Tuesday, January 12, 2016

Musing on Careers - New and Old

I did an informational interview with a student from one of my SAIT classes earlier this week, and one of his questions got me thinking.  He asked me what it was like starting a career in Information Technology before Google went public - as he put it, 'when IT was a cool and cutting edge industry with browsers and technology changing and evolving all the time.'

I answered him as best I could.  I felt I started my IT career at the tail end of that whole 'gold rush' as it were.  In many ways it felt like a bit of a lottery - if you chose the right company to work for, you could get rather rich;  if you chose the right technology or language to become an expert in, you could also get rich.  But if you missed out on either of those choices, well, it might not be the fairy-tale experience we hear in so many stories.  I fortunately chose a good language to focus on (java) at that time, and that helped establish my career.

I was reflecting on that conversation this evening, and I realized that while I had managed to get into IT reasonable close to when new media started going main stream, I have also had the distinction of having a career in an 'industry in decline' - print media.  Specifically newsprint.  That was a different feeling.  It was not well paying.  There was shift work.  Certainly more dangerous.  In fact, I just realized tonight that when we did maintenance on the press, we never 'locked it out' - a standard safety practice in many industries I had learned over a decade earlier in the saw mill.  The support for education (getting a journeyman's ticket) in the industry was poor.  In fact, it was a bit of joke.  We ran huge presses that would hardly fit in a gym, and the journeyman course was on a press that would fit in a closet.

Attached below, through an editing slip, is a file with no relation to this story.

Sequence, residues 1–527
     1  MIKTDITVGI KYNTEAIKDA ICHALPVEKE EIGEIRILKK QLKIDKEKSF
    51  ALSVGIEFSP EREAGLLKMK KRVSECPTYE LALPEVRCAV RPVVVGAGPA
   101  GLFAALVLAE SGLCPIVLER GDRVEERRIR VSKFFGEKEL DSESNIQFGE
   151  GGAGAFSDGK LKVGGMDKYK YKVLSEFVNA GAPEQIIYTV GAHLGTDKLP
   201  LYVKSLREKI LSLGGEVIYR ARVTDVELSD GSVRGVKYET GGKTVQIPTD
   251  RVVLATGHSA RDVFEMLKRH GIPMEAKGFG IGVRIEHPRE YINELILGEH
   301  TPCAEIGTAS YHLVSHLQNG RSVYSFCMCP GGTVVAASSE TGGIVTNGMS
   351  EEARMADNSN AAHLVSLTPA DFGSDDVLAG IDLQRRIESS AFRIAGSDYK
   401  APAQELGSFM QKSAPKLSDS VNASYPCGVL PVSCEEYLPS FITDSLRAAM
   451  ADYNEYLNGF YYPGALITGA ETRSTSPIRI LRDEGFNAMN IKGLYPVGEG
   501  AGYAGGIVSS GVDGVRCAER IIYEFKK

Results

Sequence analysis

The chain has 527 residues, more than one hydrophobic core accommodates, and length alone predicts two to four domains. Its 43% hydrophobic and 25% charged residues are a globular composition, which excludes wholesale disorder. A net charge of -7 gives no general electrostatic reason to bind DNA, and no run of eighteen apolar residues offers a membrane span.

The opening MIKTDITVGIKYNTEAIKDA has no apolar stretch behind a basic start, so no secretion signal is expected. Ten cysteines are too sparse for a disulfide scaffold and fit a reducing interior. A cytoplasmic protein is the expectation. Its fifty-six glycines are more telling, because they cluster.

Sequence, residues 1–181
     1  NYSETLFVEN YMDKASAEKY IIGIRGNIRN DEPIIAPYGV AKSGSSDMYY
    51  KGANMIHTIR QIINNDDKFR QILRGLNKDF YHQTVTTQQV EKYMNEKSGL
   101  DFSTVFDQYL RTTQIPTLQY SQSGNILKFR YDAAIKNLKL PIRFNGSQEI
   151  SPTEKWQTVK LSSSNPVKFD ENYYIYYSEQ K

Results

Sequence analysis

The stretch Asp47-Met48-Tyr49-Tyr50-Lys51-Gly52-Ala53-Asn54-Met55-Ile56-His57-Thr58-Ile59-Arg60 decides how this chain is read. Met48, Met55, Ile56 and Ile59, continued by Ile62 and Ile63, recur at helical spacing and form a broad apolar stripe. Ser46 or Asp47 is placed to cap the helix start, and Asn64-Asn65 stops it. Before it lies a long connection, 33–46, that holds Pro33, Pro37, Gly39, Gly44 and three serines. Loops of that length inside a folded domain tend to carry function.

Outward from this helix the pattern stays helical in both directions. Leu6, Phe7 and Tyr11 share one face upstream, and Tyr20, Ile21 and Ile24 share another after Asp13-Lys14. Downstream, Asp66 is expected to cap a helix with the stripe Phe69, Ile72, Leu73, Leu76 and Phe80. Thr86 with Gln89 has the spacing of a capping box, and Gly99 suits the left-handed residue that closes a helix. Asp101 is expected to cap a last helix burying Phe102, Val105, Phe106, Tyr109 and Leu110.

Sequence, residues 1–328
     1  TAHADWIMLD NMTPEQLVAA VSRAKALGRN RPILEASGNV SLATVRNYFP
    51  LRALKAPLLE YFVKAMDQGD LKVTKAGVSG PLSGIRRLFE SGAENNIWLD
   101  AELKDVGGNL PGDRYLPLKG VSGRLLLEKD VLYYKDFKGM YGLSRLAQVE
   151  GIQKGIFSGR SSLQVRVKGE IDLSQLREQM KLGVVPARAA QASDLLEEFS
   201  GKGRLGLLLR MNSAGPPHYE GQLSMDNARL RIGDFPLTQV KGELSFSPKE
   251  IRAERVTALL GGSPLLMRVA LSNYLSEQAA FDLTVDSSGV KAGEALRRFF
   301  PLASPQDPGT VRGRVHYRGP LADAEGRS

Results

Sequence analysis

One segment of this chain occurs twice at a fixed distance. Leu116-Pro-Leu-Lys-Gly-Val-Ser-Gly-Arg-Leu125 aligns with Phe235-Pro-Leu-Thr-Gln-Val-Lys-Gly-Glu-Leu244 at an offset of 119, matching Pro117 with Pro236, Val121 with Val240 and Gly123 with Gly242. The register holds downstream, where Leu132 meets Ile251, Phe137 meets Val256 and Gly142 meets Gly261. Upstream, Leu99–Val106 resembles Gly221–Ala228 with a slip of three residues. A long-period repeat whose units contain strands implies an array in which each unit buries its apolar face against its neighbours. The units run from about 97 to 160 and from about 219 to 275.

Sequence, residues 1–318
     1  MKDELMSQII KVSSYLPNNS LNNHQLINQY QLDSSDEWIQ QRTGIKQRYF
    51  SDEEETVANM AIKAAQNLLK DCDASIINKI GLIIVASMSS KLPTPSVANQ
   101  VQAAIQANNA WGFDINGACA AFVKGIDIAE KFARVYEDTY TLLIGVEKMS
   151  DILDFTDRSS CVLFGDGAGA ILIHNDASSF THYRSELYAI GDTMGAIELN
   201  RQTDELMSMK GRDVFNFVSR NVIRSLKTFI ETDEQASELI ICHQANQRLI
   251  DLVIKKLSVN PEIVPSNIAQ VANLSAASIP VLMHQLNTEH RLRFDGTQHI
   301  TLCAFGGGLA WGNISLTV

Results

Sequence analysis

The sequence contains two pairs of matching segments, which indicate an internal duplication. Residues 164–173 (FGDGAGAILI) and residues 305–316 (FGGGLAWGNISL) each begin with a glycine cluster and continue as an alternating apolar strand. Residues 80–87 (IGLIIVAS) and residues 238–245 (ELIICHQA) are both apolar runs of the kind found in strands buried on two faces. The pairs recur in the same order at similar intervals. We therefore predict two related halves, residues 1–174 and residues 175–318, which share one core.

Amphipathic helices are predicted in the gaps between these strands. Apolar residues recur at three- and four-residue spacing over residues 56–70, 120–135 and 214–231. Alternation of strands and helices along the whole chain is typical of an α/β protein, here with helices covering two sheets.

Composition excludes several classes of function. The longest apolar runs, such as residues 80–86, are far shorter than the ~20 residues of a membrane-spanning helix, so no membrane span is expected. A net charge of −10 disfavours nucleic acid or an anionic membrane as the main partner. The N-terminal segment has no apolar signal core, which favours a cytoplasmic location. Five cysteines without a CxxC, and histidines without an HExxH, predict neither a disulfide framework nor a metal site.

What is the lesson here?  .... I can hear you thinking.

I got into printing because an organization had a need and I was asked to fill it.  I was tired of formal education and learning theory without practical, hands on experience.  I wanted to feel productive.  Printing really scratched that itch for me.  I didn't care how much I was making.  The product of my labour was tangible - I could see it and I knew I was learning good things and getting experience, and that felt good.

There's a time though, when you need to examine where you are and what your doing with your life.  Ask yourself if you can continue doing this for another 10 or 20 years.  Does it make practical sense for you to do it for that much longer?  Will it affect your health and your quality of life down the line, etc.  That's what my wife and I did.  And as a result, we sold our house, moved, and I went back to school.

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